Help with making realistic mountain range

I know WM can create beautiful mountains. I see them every time I fire up the program. I, however, am having a devil of a time making a mountain range that looks realistic to me. I’ve spent days playing with parameters and trying to find a good blend but I just seem to get worse rather than better.

I think part of the problem is I’m trying to recreate an existing map so I have used a shape generator to define where the mountains should be. I’m beginning to think it’s cutting them off unnaturally or inhibiting a natural mountain generation, but I’m not sure.

Here’s what my mountain range looks like currently. I’d appreciate any feedback on how you think I can improve the look. I need an imposing, impenetrable mountain range look.

Oh, here are the current generator properties:

Welcome to the World Machine experience :stuck_out_tongue:

This is probably not the core issue, but it can hamper the natural transition from flatland to mountains, so I suggest loosening this constraint a bit.

But now onto the generation of mountains. This is not something that can be one with one device. The Advanced Perlin can do a lot, but it can’t create mountain ranges. What I suggest you do instead, is to think “how are mountain ranges actually created in real life”, and emulate that.

IRL, mountain ranges are the result of hydraulic erosion, so water/rivers carving their way into the rock, and then often thermal erosion creates the nice valleys and foothills we all love, as it gets rid of steep cliffs. In WM, we can achieve this using two/three devices. We start of course with a base terrain, for which an Advance Perlin is well suited.


Image 1: Base terrain

The first method is the low resolution Erosion + old version Thermal Weathering combo. In this combination we won’t really use the output of the Erosion device, but instead use the Flow mask to carve out the water channels. Then, using the old version of the Thermal Weathering device, we can carve out the valleys. This is essentially the core of my Valley Cut macro.


Image 2: Using the low resolution Erosion + old version of the Thermal Weathering method.

The second method is creating a proper water system, using the Flow Restructure and Create Water devices, then carve the rivers out, and again, use the old versions of the Thermal Weathering device to create the valleys.


Image 3: Carving out rivers, then using the old version of the Thermal Weathering device.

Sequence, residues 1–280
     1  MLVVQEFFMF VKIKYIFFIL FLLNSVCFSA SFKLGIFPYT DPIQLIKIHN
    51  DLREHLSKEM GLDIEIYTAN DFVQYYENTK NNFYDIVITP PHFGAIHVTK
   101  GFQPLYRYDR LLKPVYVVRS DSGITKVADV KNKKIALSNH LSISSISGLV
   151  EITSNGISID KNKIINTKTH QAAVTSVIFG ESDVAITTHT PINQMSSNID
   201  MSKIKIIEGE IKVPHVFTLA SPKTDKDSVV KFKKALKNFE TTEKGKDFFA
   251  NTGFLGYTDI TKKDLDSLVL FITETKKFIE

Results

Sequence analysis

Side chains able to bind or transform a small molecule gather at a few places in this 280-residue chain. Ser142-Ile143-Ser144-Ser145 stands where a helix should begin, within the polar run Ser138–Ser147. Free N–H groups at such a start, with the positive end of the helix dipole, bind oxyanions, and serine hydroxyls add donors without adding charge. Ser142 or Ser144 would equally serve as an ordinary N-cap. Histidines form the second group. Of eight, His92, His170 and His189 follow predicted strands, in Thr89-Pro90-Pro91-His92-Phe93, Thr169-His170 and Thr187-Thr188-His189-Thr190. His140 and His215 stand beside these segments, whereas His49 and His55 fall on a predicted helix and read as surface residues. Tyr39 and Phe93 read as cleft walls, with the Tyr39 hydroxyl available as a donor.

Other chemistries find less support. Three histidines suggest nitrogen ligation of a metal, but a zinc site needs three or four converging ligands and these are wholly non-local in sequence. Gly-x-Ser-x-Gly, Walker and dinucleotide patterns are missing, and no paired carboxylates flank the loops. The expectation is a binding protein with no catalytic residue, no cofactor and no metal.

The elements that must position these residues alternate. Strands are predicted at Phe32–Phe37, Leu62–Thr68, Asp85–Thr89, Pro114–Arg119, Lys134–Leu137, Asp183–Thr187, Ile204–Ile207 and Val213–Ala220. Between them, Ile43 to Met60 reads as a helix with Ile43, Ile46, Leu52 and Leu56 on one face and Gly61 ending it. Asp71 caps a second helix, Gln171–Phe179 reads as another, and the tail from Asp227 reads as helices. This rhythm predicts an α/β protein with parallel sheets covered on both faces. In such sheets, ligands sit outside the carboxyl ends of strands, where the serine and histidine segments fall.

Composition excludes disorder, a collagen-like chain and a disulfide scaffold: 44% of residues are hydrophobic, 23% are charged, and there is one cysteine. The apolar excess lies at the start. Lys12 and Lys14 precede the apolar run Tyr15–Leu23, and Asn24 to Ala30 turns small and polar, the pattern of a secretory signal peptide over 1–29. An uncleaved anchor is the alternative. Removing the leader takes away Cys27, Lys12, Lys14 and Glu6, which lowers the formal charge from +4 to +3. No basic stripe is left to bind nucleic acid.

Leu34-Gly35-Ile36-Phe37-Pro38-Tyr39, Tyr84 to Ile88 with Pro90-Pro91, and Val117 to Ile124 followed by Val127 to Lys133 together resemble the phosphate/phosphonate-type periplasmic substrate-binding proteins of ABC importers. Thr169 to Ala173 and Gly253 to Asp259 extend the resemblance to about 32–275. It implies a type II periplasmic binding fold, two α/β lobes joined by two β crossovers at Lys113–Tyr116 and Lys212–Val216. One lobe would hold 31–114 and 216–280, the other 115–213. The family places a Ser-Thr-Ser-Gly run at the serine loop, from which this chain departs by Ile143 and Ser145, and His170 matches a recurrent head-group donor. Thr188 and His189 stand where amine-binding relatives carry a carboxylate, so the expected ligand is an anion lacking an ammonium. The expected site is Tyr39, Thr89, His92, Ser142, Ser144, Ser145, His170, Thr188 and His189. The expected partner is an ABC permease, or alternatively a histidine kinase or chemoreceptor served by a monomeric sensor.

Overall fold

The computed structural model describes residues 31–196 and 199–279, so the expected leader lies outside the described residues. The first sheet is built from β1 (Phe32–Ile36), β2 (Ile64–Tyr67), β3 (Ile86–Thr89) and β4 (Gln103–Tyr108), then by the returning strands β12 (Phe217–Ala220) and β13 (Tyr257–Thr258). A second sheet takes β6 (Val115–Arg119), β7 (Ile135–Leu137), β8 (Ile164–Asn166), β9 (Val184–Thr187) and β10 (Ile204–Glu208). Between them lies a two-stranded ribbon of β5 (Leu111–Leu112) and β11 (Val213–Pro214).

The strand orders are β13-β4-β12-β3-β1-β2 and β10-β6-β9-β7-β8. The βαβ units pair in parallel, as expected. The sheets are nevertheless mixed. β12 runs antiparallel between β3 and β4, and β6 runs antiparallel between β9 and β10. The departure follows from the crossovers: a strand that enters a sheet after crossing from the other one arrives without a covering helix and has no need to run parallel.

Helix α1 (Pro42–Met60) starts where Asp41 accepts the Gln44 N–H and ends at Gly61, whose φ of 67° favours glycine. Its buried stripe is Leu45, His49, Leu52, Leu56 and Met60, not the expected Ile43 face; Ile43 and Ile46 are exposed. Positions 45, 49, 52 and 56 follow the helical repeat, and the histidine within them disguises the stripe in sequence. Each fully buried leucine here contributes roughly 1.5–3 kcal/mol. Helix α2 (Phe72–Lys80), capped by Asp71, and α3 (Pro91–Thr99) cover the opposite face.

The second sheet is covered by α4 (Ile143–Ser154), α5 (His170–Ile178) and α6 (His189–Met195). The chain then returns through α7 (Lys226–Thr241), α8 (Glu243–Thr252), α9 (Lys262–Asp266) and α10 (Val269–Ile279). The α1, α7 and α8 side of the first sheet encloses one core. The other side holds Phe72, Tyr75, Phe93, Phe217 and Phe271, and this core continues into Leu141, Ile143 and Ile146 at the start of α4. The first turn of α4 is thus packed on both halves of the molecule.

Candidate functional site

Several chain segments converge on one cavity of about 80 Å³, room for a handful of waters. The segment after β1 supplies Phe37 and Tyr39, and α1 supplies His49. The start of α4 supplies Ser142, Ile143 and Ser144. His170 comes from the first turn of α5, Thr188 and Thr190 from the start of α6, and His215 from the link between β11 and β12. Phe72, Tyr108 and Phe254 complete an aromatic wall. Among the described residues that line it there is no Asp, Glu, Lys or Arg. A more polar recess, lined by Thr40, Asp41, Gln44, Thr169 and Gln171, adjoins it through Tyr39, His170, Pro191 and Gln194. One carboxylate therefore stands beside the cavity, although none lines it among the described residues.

As you can see, both methods create valleys, just looking a bit differently. The first method, is quick and easy to implement, but in the end, the second method leaves a lot more room for customisation and can lead to procedurally generated mountain ranges of high quality.

I hope this helps you a bit, and if you have anymore questions, please let me know!

The basic-mountain-ranges-with-valleys.tmd (138.1 KB) file in case you (or others) are interested!

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Oh wow, thanks for this detailed explanation and especially for the demo file! I’m going to have to study this carefully. I haven’t gone much past the Advanced Perlin generator yet.

A quick question: when I’m viewing my nodes, clicking on the node gives me a view of what the scene looks like at that node. When I click on the nodes in your demo file, they all show me the same thing, which can’t be accurate. Is there a setting I need to toggle somewhere?

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The preview is probably still locked (as you can see by one device having “Preview Locked” above it).

Go to that device, and either Alt+click on it or click on it and press the F key. Both actions will disable the preview lock.

Alternatively, you can select any device, and lock the preview to that one using the methods mentioned above!

Just popping in quickly to say that I’ve been using World Machine for years now (probably getting fairly close to a decade), and my dumb self had completely forgotten about the distortion input of Advanced Perlin devices until seeing it in this thread. I’ve been piping them into Displacement devices for ages now. Real embarrassed about that, but wanted to point out that even an old head will always have things to learn!

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